Just one hundred metres from the Springs of Clitunno, along the Via Flaminia, there are the ruins of the Romanesque church of Santi Cipriano e Giustina, built in the 11th-12th centuries in honour of the Bishop Cipriano. It belonged to Benedictine monks and was the parish church for several villages spread in the foothills of Campello.
The perimeter walls and the apse wall of the old church can still be seen. The single nave church was completely covered with Giotto-style frescoes from the 14th-15th centuries, of which only faint traces can now be seen.
The Church ruins, covered for decades by thick vegetation and almost all underground, were brought to light and restored by the Mountain Communities of the Monti Martani e del Serano in 1995. The architectural restoration of the apse was supervised by the Superintendence for environmental, architectural, artistic and historical heritage of Umbria.
Near the Church of S.S. Cipriano e Giustina, there is also a small church, the Church of San Sebastiano, which was built in the early 16th century with the money of the local community as a “ex voto” for the ceasing of a plague epidemic.
Inside it was entirely covered with religious paintings showing Saint Sebastian, traditionally called upon, together with Saint Rocco, against plagues. “La Madonna con il Bambino in gloria e i SS. Sebastiano e Rocco” on the back wall is one of the last works by Giovanni di Pietro, known as “lo Spagna”, who in 1528, helped by his son-in-aw Jacopo Siculo, left the delicate new fresco on the wall, in a style that, while less sophisticated, reminds one of Raffaello’s style, who was a companion of his at the school of the Perugino. The Church façade dates back to the late 18th century, similar in form to Valadier’s style, who worked in this area in the same period.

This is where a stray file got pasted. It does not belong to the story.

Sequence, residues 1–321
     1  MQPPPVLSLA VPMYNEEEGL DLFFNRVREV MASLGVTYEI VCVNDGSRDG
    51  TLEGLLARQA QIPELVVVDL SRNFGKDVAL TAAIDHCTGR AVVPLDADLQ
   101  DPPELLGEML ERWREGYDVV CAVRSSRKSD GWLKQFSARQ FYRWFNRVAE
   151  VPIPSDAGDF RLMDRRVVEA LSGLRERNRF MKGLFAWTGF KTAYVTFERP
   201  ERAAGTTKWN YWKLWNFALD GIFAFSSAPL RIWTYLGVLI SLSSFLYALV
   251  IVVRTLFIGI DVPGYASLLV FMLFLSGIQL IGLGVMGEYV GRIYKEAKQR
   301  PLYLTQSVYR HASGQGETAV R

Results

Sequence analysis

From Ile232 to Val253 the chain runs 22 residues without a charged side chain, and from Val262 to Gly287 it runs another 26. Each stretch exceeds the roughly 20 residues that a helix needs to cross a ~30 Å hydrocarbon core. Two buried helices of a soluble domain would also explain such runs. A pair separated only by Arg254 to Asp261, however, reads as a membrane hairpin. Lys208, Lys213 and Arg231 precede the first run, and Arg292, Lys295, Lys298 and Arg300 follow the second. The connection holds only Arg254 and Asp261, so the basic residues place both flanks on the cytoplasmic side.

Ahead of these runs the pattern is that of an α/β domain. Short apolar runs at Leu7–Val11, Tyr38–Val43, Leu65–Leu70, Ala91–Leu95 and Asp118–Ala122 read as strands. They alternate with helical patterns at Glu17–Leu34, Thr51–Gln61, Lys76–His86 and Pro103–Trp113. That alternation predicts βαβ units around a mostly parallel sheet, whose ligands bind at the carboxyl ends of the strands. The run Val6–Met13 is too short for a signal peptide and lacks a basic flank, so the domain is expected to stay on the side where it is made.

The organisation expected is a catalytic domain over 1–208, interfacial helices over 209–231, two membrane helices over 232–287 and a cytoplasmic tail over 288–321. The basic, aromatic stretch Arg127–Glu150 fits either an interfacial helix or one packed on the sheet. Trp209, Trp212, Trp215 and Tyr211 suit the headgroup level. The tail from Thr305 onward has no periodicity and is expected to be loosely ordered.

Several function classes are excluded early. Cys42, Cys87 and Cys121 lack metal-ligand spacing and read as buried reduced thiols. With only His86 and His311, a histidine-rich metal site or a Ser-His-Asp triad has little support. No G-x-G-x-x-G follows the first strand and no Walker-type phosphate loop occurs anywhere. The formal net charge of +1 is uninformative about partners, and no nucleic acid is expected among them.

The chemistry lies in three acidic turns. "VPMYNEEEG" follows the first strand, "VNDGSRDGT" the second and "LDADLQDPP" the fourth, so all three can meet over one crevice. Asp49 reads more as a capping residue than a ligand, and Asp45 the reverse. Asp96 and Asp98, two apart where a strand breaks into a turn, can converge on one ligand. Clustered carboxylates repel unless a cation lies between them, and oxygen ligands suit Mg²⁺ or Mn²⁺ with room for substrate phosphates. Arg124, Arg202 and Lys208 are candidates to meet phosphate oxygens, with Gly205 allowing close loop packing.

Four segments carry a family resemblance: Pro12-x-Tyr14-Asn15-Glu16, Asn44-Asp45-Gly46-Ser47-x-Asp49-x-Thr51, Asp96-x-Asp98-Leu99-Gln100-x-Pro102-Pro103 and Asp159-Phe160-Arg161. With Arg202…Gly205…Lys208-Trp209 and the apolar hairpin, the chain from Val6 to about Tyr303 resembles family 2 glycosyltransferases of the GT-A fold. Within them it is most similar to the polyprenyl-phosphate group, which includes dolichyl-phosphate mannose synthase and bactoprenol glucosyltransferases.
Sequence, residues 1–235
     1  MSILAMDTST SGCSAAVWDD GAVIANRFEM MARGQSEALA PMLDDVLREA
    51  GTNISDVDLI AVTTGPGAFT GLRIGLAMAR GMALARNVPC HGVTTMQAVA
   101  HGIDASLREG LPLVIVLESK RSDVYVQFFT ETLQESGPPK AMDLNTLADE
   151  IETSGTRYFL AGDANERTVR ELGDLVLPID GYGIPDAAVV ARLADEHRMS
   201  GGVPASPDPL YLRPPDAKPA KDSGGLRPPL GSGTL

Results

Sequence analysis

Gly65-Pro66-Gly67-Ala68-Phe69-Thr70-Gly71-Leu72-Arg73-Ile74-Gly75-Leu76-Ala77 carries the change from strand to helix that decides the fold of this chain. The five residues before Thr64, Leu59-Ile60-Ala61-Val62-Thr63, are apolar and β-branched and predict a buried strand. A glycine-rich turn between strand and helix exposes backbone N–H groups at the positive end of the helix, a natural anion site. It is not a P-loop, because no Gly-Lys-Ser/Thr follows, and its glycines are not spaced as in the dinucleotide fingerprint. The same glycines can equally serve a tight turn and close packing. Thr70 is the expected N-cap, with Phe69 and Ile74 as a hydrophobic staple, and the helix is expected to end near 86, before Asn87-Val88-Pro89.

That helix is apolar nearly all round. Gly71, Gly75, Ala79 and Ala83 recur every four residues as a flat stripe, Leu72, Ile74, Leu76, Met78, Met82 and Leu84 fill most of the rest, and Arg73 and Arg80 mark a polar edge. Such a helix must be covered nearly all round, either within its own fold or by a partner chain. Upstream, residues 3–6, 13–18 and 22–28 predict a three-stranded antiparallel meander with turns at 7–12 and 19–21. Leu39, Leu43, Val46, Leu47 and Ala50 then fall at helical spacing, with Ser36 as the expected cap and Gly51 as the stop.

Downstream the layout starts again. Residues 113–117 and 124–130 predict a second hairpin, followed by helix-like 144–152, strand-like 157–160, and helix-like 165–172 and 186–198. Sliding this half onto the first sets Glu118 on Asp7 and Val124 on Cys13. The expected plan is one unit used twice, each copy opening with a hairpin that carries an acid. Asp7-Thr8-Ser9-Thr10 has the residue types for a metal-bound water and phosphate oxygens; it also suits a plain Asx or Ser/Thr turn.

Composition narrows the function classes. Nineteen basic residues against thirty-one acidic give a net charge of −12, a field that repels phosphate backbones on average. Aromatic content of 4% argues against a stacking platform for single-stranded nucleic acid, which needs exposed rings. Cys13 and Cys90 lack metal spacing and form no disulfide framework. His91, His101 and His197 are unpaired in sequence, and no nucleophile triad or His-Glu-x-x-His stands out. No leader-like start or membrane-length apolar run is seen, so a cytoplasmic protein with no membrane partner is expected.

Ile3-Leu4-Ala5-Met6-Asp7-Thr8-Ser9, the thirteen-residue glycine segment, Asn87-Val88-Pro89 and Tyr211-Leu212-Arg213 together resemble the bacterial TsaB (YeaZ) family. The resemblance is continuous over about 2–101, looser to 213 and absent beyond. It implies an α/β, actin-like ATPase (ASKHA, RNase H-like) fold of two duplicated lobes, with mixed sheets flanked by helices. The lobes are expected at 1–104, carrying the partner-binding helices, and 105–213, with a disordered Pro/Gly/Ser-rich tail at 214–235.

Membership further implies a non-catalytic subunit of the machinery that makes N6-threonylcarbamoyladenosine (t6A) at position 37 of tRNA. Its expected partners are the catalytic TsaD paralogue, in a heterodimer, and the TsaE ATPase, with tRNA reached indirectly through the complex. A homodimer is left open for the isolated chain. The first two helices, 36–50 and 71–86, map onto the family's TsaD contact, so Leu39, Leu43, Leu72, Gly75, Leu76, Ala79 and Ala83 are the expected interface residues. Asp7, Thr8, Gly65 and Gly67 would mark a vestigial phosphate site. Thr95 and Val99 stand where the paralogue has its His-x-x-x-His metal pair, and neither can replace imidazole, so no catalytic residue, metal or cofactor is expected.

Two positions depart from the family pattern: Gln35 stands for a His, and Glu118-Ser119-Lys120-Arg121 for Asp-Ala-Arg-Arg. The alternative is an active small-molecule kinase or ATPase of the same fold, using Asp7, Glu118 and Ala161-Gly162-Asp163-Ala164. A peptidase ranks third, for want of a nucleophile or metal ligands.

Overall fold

The town of Campello su Clitunno, now the Municipal centre, was built around the Sanctuary called Santuario della Madonna della Bianca, built in the 16th century. The Church, which still has the important door built by Maestro Cione da Como; the interior, designed by Valadier, is decorated with 17th century canvases and Renaissance frescoes by Angelucci and Spagna.
Campello. The main square and the Madonna della Bianca Sanctuary
There are also interesting centres along the mountain ridge, including the villages of Acera and Spina, charming medieval villages that are hidden by the surrounding woodland.
The Castle ofCampello Altois an especially interesting and charming site. On top of a hill full of olive trees, it still has its powerful defence walls, the large entrance gate, the romanesque Church of San Donato and the 16th century Municipal Palace.
The Barnabiti Monastery, is close to the castle. Inside there are several medieval and Renaissance artistic finds, such as two Giotto-style frescoes and a Madonna by lo Spagna.
In the area of Lenano, located on the road from Spoleto to Castello di Campello, one finds a Church dedicated to San Lorenzo, a rural chapel from the romanesque period. The oldest layer of frescoes on the back wall, only visible through the missing fourteenth century plaster, can be dated back to the second half of the 12th century, while the latest one, now preserved, dates back to the 14th century.
Fresco inside the San Lorenzo Church
In addition to the heritage of the site and the buffer zone, the territory of Campello appears to be especially rich in architectural sites that mix with the other natural, agricultural-food, productive/craftwork and socioeconomic aspects and potential of the region.